A research team at The Ohio State University is currently working on a project that assesses the importance of soil health when facing variable weather, especially heavy precipitation. As part of this study, they would like to collect soil samples and interview farmers across the state to understand how heavy precipitation is impacting soil management and soil health. They would also like to understand which soil health indicators farmers find most valuable when making management decisions. All participating farmers will receive two free soil health tests and $75 for their participation. So far there are about 25 confirmed farmer participants, and they are looking for 5 more. They are reaching out to ask if I know of any farmers who might be interested in participating in this study. Please see attached the study description for more details and if you are an interested farmer, please share your name, email, phone number directly to Christine Sprunger at email@example.com.
In closing, I realize this is a very stressful and trying time. Not only is it planting season and the weather is continuing to make it a challenge, but the current COVID-19 pandemic has also added additional issues to the mix. I have added the “Ohio Farmer Mental Well-Being COVID-19 Resources” information sheet to this edition of the Hardin County Agriculture and Natural Resources Update for those who are looking for help. For those of you who are interested in reading Ag Crops information, I have included the usual CORN Newsletter highlighted articles below. Have a nice Memorial Day weekend.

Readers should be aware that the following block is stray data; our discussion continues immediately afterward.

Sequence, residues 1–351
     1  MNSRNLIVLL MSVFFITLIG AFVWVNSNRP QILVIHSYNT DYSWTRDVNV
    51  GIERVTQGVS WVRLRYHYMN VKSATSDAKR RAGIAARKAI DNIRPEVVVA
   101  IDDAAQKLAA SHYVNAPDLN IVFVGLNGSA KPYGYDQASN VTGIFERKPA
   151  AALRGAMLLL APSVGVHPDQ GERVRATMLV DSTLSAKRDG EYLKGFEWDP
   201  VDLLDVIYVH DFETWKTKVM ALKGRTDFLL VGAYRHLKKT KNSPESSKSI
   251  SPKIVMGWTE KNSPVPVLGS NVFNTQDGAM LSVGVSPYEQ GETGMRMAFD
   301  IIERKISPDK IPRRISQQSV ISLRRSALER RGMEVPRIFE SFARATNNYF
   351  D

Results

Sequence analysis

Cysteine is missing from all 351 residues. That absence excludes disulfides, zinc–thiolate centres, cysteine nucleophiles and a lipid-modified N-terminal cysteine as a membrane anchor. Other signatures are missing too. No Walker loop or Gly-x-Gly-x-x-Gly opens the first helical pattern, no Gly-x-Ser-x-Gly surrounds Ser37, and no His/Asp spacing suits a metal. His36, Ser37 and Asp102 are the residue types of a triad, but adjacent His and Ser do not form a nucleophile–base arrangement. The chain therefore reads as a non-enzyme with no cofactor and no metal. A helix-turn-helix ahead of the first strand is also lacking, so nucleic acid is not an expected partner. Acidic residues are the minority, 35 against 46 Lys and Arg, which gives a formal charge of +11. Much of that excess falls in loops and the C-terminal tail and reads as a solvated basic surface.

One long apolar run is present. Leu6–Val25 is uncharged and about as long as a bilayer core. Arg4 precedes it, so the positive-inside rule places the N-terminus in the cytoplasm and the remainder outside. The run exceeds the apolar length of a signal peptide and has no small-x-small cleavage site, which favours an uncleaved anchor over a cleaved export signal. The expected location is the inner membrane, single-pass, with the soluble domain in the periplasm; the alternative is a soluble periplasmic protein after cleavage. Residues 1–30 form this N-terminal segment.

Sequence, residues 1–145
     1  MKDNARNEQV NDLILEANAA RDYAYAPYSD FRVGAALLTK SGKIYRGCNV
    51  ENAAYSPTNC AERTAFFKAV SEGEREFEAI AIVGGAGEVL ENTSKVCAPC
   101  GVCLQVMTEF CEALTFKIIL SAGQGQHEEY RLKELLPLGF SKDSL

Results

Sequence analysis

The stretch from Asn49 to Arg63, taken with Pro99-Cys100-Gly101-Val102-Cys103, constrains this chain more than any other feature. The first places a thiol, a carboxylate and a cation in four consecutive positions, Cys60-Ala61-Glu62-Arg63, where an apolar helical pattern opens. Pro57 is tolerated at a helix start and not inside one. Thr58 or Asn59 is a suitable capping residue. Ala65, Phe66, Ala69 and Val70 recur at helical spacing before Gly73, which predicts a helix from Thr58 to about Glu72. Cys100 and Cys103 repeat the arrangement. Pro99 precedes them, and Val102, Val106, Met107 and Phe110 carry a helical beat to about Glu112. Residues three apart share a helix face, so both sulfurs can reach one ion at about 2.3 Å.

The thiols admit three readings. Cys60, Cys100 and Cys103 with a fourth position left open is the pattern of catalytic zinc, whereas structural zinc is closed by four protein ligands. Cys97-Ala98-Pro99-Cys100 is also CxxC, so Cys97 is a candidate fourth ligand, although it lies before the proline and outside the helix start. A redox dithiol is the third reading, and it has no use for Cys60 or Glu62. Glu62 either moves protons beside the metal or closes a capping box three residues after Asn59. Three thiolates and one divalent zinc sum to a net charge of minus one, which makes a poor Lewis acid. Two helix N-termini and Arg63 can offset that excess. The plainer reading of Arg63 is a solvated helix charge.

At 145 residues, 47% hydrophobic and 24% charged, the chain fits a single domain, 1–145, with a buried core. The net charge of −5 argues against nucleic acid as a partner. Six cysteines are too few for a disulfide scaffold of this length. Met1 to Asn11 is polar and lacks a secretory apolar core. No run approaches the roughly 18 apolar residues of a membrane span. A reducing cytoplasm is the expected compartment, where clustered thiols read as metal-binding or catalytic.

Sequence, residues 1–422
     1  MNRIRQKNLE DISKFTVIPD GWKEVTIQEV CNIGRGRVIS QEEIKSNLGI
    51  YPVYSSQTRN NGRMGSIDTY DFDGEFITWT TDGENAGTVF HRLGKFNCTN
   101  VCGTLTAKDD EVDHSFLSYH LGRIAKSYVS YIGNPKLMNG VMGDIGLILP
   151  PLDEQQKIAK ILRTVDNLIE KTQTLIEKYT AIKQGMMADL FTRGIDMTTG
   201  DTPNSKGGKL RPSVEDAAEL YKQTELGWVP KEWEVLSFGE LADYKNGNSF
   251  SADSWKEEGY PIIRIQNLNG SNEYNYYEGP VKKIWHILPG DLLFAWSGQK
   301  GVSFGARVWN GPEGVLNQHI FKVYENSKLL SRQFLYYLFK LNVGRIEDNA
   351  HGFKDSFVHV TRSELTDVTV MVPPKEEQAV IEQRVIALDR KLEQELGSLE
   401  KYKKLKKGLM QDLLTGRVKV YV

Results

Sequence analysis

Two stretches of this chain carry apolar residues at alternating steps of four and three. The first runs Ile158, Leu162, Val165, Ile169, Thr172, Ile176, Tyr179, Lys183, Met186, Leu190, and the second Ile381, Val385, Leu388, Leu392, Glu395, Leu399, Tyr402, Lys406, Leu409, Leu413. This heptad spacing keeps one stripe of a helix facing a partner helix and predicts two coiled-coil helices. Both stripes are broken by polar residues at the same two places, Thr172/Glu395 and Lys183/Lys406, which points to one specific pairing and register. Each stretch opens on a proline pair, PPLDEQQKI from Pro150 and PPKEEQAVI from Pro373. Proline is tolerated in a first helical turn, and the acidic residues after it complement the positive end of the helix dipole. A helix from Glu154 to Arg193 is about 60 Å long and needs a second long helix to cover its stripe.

Scab Risk Low, but Keep Your Eyes on Leaf Diseases – Pierce Paul
According to the FHB forecasting system, the risk for head scab continues to be low across the state of Ohio, for wheat flowering (or barley heading) today, May 18. In spite of the wet weather we have had, it has been very cold over the last week to 10 days. Cold temperatures between heading and flowering usually reduce the risk for scab, as the disease develops best under warm, wet, or humid conditions. However, you must continue to be vigilant as the crop in the northern half of the state approaches heading and anthesis. If it continues to rain and stays wet and humid over the next few weeks, the risk for scab and vomitoxin will increase as the temperature increases. Be prepared to treat fields with Prosaro, Caramba, or Miravis Ace. Find out more at https://agcrops.osu.edu/newsletter/corn-newsletter/2020-14/scab-risk-low-keep-your-eyes-leaf-diseases.
Field Estimations of Alfalfa Fiber Content – Angela Arnold, Mark Sulc, Jeff Stachler, Will Hamman, Dean Kreager
Ohio has seen its 5th warmest winter on record but spring temperatures across the state have consistently been 2-6° F below long-term averages. Climatic variations every year make it difficult to know the exact date to determine harvest of our first alfalfa crop. Research has shown % Neutral Detergent Fiber (NDF) can vary up to 10 units on the same calendar day from one year to the next, therefore making harvest decisions based on calendar date is unreliable. Many producers also base harvest decisions primarily on alfalfa maturity. Variable weather conditions affect the rate of bud and flower development in alfalfa, thus relying solely on maturity can be misleading. Go to https://agcrops.osu.edu/newsletter/corn-newsletter/2020-14/field-estimations-alfalfa-fiber-content to read more and watch a video demonstrating measurement of alfalfa NDF.